When the kid got in trouble and ended up in a conference with this teacher and the principal, the principal asked him some questions and then said, "Oh, I get it... you're one of those alterrrrrnative Christians..." As if she had finally found a label that would make him someone she could diagnose and treat properly.

And any interest the young man had in that conversation, the hopes he might have had for being heard and understood, dissolved.

The more we "type" one another, the more we give ourselves ways of separating ourselves into categories, dismissing one another, and judging one another without having to actually get to know and love one another. This provides yet another false map by which we can distance ourselves from one another and prevent the kind of person-to-person relationship we need.

Even if these quiz questions offered many more options, I would be horrified to think that anybody might look at my best-available-option answers and think they could draw any meaningful conclusions about me, my background, and what I believe.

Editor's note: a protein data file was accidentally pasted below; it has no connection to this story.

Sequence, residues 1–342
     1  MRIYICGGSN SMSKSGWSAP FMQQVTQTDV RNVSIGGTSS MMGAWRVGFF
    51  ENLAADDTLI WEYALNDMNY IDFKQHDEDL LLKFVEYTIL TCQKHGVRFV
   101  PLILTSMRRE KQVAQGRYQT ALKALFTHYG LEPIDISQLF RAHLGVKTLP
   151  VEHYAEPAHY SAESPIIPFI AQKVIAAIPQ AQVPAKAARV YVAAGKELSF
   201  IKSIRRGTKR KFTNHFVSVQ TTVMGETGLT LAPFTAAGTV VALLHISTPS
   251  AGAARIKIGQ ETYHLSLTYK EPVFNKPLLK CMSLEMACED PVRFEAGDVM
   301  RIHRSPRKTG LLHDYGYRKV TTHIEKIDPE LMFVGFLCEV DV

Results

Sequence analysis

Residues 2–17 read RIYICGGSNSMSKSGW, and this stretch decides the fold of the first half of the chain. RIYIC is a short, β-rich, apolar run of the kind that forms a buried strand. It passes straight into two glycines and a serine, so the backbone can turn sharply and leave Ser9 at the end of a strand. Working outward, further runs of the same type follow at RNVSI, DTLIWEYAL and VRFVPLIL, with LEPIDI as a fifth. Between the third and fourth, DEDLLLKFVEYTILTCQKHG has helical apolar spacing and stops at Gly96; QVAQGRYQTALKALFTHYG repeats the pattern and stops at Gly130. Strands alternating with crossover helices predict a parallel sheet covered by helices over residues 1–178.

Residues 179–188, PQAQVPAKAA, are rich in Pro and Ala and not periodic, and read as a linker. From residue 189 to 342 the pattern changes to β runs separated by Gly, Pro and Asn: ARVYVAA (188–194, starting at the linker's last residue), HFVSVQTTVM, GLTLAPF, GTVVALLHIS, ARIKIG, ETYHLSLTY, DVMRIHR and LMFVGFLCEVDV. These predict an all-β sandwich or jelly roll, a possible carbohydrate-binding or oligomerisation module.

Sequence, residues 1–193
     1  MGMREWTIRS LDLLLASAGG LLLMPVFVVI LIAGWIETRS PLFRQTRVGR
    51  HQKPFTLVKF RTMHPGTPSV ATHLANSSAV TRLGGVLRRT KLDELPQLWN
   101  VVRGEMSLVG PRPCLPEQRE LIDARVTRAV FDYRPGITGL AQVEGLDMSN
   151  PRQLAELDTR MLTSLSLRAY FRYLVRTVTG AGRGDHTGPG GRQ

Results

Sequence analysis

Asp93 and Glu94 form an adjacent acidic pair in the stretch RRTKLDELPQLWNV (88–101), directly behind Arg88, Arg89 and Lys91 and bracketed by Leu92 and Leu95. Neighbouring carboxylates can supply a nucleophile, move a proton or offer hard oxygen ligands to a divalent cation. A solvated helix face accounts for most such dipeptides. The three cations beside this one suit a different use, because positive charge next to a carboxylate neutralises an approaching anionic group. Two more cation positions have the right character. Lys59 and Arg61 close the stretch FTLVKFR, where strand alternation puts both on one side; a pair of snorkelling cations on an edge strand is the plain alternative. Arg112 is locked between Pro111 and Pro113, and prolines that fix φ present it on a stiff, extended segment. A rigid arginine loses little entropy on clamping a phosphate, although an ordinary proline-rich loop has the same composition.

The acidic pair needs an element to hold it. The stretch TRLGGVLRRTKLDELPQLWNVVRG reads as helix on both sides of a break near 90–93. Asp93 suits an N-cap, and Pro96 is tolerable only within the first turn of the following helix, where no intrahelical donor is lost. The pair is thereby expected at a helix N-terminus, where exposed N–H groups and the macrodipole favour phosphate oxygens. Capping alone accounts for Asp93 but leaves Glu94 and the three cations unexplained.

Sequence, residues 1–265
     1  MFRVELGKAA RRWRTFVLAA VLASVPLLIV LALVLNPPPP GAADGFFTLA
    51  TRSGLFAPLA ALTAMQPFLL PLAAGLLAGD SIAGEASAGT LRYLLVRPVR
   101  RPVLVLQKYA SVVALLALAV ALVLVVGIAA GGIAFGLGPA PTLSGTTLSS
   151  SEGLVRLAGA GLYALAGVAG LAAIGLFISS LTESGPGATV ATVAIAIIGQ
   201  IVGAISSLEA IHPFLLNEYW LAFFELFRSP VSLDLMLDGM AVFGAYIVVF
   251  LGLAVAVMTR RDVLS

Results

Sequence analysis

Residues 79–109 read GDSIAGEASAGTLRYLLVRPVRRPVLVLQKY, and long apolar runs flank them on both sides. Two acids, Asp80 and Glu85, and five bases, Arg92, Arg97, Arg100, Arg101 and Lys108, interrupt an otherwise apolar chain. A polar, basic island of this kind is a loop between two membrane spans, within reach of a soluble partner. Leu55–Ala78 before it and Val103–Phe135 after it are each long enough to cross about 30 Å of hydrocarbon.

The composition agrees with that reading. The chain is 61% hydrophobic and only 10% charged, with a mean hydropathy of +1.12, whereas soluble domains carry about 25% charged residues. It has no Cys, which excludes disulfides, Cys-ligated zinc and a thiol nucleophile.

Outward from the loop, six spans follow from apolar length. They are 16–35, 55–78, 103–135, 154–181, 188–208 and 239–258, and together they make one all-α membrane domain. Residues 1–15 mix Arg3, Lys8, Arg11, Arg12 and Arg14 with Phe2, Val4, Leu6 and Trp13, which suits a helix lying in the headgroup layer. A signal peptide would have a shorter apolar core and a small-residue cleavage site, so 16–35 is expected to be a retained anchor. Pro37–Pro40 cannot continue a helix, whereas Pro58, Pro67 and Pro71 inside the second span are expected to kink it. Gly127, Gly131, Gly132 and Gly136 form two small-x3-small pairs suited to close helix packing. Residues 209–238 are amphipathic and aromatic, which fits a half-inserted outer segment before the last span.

Although if you read this and conclude that label-generating quizzes make me grouchy, you'd be right.


*P.S. This is not in any way a dismissal of Brett's book. It's just a reaction to my run-in with this marketing-oriented quiz.

Edited by Overstreet, 14 May 2010 - 11:16 PM.


#12 Peter T Chattaway

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Posted 14 May 2010 - 08:28 PM

Overstreet wrote:
: Although if you read this and conclude that label-generating quizzes make me grouchy, you'd be right.

Ah, so you ARE a hipster, then. ;)

Well, first of all: it’s just a funny label, and we all know that hipsters hate labels. So if you are still reading this post, eager to know what it all means, chances are you are not a Christian hipster. . . .